But while Rocketman has its share of blazing fun, it has the same problem that always nagged John’s work, which is that it’s about as deep as a thimble. It’s not that the songwriter couldn’t conjure up poignant emotions on hits like “Your Song,” “Goodbye Yellow Brick Road” and “Candle in the Wind,” which are played at weddings and funerals to this day. But like a lot of ubiquitous pop songs, his classics either hit you right between the eyes — embedding themselves in your life during a crucial moment, remaining there forever — or they’re just pretty tunes that are pleasant background noise, fading away like smoke once they’re over. As beloved as John’s songs are, they largely fall into the latter category for me. His ornamental hooks and lilting voice are as recognizable as they are disposable, attacking the listener’s nervous system with such single-minded purpose that it feels more like an armored assault.

That same aesthetic strategy informs Rocketman, which has no interest in nuance or subtlety. It’s a semi truck thundering down the road on a collision course with its audience, determined to barrel you over with its gusto, tonal shifts and jukebox gems. The film has been conceived as an addict’s journey to clean living, showing how John finally made peace with his demons and found true love. Everything in the narrative is underlined and highlighted, emphasized and reinforced. Elton John is a musical god. But he is also a troubled soul. No doubt in real life he had to undergo intense therapy and rehab to get sober, but Rocketman treats these struggles with the same bold-type melodrama that’s always been at the core of John’s songs. And like John’s songs, Rocketman is engaging while also being a bit superficial and impersonal. It’s so busy entertaining us at every single second that it never pauses to let many real human moments emerge. The film treats recovery as just another exhausting pop sensation.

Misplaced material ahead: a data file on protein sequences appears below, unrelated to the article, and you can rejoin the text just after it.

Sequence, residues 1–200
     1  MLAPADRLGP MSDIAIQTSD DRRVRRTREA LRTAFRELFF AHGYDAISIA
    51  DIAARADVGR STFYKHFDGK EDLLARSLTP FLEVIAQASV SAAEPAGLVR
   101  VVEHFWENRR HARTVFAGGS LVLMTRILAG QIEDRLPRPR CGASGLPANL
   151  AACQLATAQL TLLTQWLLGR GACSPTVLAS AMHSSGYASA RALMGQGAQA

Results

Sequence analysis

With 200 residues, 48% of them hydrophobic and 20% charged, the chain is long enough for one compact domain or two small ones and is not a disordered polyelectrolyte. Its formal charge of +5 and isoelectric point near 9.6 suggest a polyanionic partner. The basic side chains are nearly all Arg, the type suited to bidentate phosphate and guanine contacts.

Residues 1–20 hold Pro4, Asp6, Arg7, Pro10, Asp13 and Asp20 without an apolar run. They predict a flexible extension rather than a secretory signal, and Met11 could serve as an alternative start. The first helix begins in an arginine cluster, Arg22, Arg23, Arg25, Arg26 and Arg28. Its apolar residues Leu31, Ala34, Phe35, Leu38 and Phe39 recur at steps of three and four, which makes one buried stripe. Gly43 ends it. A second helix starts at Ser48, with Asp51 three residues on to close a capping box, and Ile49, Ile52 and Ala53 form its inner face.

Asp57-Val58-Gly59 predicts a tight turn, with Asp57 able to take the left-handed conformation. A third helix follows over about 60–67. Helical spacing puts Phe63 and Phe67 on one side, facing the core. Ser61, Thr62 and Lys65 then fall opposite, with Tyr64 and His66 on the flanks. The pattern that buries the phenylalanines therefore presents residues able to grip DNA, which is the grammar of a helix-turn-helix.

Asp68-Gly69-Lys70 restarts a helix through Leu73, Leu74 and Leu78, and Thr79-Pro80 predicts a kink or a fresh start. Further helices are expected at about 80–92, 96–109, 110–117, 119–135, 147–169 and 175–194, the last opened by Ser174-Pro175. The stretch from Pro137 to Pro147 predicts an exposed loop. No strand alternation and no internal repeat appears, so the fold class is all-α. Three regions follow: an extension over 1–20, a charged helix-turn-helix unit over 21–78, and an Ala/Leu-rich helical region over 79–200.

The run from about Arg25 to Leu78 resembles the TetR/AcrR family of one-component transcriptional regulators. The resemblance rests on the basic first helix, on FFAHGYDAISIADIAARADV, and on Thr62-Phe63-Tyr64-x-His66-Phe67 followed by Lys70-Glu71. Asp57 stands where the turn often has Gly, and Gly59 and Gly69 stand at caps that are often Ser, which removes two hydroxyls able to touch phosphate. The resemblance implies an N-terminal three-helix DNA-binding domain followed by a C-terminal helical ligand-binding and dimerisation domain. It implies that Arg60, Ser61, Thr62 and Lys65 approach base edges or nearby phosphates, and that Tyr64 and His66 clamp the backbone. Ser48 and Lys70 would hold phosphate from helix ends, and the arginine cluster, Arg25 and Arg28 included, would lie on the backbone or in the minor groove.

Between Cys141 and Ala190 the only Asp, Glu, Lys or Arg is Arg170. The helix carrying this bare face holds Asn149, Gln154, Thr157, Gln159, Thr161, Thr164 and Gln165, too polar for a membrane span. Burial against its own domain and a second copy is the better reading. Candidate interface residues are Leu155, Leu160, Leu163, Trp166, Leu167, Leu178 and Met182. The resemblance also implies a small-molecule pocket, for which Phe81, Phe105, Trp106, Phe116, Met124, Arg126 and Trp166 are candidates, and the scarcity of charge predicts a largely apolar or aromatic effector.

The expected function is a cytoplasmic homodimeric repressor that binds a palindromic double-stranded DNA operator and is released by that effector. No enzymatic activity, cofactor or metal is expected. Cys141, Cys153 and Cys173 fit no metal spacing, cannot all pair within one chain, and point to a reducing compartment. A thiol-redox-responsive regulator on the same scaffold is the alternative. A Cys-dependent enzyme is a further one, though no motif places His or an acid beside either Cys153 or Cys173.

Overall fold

Egerton makes for a completely acceptable John: enthusiastic, bratty, bursting with life, ready for anything. In a way, the performance is almost too good because, like the musician, it’s completely likable without being particularly compelling. This isn’t to say that Elton John himself isn’t appealing (or compelling), because he surely is. (Rocketman makes the case that his difficult childhood and the shame he felt over being gay as a young man contributed to his poisonously low amounts of self-esteem.) But the movie deals so much with the performer’s shiny surface that it rarely goes underneath. For Rocketman, John’s style is his substance — he’s a piano-playing entertainer who wowed arenas in the hopes that the anonymous approbation would make up for the hole within himself. I kept longing for the film to interrogate its own surface, to question how the seeming disposability of pop is, quite often, a sunny mask that conceals something darker in the performer and his audience. But Rocketman isn’t interested in any of that: It’s merely an ad for how great Elton John is.

I suppose this is around the time that I acknowledge that I prefer Bohemian Rhapsody, the largely reviled Queen biopic, to Rocketman, which has been far better reviewed. My reasoning is pretty simple: As flawed as Bohemian Rhapsody is, I at least believed that it was about a performer, Freddie Mercury, who had depths worth plumbing, no matter how inelegantly. Rocketman may be more candid about its homosexual character’s love life and less clichéd in its biopic narrative, but it rarely made me appreciate or reconsider John’s magnificence.